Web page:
On the surface, it looks like a good deal for the City of Charlotte. In exchange for $144 million in public money (which in the grand scheme of stadium arm-twisting deals is on the low end of the spectrum), the Panthers have committed to 15 more years in its current location.
But the tax increase that will be used to fund the renovations at Bank of America Stadium will generate far more than $144 million. As explained by Steve Harrison of the Charlotte Observer, the bump in the local prepared food and beverage tax from one percent to two percent could, over a 30-year period, generate roughly $1 billion dollars.
The excess could ultimately fund a new stadium in 2028.
UNC Charlotte economist Craig Depken warns that this approach could harm the city’s leverage in the future, with the money in the fund more likely to be automatically dedicated to a new stadium.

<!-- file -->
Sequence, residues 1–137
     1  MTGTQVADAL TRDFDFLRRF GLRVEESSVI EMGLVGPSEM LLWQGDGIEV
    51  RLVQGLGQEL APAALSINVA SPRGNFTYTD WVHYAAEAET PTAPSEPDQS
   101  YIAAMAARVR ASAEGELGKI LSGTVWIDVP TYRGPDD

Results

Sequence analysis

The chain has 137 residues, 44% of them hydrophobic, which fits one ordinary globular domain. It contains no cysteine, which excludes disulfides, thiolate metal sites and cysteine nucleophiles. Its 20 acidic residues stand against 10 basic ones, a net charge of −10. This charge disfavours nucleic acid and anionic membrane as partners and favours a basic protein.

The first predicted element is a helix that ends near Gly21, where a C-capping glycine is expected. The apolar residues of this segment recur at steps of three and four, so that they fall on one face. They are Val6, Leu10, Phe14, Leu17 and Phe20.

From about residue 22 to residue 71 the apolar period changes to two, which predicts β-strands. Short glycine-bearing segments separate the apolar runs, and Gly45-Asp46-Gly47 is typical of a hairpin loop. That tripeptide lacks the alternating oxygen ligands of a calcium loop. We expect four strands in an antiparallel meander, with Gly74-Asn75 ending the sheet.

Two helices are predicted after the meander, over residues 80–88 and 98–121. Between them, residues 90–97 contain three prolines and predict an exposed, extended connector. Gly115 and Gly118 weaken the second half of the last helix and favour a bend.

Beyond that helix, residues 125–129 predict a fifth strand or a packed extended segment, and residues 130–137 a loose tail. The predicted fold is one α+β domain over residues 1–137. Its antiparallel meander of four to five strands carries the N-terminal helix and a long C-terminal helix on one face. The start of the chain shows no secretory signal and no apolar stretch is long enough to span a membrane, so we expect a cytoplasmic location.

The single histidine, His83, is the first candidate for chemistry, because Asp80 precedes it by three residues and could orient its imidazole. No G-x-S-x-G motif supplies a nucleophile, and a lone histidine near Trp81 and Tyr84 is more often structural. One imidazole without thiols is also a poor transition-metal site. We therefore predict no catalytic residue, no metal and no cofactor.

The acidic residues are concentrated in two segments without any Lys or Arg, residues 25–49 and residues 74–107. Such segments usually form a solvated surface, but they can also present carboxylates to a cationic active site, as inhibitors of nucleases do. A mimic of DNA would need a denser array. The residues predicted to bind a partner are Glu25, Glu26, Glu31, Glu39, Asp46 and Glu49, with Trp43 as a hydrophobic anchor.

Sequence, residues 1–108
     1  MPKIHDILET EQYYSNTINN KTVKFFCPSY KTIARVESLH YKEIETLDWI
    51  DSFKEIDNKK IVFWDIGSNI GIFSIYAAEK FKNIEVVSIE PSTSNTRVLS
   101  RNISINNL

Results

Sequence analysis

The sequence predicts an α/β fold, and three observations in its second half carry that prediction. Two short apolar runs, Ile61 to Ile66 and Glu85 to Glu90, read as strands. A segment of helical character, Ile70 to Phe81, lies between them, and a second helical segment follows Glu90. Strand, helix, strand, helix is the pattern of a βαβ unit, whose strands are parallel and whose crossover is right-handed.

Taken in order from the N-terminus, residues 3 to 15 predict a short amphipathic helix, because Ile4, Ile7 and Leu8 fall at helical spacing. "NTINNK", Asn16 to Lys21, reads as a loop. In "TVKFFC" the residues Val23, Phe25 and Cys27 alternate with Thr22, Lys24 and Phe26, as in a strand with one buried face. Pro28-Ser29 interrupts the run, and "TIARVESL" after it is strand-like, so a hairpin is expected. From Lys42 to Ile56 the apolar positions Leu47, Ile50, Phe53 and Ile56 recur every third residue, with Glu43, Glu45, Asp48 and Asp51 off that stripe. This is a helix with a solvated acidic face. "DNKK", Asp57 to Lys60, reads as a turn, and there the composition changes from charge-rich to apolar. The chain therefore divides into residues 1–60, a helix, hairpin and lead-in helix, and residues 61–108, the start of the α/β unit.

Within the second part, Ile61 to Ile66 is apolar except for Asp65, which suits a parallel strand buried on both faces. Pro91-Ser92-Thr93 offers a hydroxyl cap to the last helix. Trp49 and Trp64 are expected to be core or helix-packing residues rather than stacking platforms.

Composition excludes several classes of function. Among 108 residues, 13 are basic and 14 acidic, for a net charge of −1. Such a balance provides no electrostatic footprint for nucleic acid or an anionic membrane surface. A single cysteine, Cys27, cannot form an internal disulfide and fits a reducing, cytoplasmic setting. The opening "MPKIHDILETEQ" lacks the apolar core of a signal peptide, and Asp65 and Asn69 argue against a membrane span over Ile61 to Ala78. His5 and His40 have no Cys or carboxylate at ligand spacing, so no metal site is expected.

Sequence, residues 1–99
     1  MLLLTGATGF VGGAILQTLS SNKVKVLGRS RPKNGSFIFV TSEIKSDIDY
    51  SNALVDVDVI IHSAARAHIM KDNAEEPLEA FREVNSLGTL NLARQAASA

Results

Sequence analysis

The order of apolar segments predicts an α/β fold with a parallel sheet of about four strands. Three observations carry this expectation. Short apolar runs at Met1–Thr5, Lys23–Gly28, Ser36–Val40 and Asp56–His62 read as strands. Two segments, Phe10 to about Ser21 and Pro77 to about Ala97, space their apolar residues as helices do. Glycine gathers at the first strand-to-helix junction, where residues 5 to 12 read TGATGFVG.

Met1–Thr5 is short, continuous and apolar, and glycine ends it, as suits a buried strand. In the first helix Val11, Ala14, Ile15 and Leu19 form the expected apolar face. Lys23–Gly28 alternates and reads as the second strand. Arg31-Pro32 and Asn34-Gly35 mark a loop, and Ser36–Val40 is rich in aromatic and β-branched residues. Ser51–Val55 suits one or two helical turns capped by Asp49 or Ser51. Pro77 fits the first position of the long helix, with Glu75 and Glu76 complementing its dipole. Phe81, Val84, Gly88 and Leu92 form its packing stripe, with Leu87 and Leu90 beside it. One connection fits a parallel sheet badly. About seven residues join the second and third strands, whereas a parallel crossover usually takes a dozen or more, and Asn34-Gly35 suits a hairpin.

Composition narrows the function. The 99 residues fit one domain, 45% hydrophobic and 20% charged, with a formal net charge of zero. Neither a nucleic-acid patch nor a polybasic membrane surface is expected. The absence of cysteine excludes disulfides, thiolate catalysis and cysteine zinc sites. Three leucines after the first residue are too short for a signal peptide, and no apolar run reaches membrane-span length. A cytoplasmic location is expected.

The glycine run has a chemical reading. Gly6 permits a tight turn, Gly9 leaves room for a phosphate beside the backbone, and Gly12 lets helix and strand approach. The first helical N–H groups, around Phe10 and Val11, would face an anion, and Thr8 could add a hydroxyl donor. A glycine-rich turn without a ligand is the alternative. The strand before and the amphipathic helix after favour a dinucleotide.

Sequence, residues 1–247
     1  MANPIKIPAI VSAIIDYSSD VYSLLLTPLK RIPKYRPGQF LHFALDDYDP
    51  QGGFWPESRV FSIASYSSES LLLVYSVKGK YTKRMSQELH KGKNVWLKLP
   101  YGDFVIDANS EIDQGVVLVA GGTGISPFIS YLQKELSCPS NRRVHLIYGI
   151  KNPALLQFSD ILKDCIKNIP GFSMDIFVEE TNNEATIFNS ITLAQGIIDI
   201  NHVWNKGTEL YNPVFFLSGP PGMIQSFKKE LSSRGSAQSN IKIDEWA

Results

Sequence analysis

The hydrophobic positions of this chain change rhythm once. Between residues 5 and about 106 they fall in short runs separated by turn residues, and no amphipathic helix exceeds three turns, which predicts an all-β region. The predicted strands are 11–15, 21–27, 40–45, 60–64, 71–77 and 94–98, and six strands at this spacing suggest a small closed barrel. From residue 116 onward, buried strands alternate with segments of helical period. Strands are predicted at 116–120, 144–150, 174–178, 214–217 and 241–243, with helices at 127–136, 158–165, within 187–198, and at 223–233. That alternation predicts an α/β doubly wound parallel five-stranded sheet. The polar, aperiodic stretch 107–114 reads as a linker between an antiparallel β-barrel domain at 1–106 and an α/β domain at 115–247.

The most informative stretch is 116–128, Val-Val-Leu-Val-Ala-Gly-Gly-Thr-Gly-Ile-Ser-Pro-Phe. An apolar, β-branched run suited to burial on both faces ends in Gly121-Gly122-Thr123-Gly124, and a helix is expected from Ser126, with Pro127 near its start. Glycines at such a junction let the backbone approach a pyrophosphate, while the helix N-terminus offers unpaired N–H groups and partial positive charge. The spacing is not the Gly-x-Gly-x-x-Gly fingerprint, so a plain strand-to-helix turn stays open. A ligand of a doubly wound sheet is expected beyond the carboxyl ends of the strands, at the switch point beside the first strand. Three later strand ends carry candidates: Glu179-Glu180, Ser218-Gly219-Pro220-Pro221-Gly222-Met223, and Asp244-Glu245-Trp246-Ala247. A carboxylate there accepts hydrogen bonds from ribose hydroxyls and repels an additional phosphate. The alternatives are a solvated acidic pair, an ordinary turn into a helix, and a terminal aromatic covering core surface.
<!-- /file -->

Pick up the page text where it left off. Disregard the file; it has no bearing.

“You walk into the dealer and say you have $50,000 for a new BMW, but you only want to pay $35,000,” Depken told Harrison. “You are going to pay $50,000. It doesn’t help your negotiating.”
The tax increase hasn’t been approved by the North Carolina General Assembly. There’s a chance it will be tailored to generate far less money — and possibly to yield in the end only enough to finance the renovations.
Plus, there’s always a chance that enterprising politicians will come up with other ideas for the 10-figure piggy bank that the tax increase would create; even if the full $1 billion is generated, there’s a good chance none of it will be left when the time comes to figure out where the Panthers will play.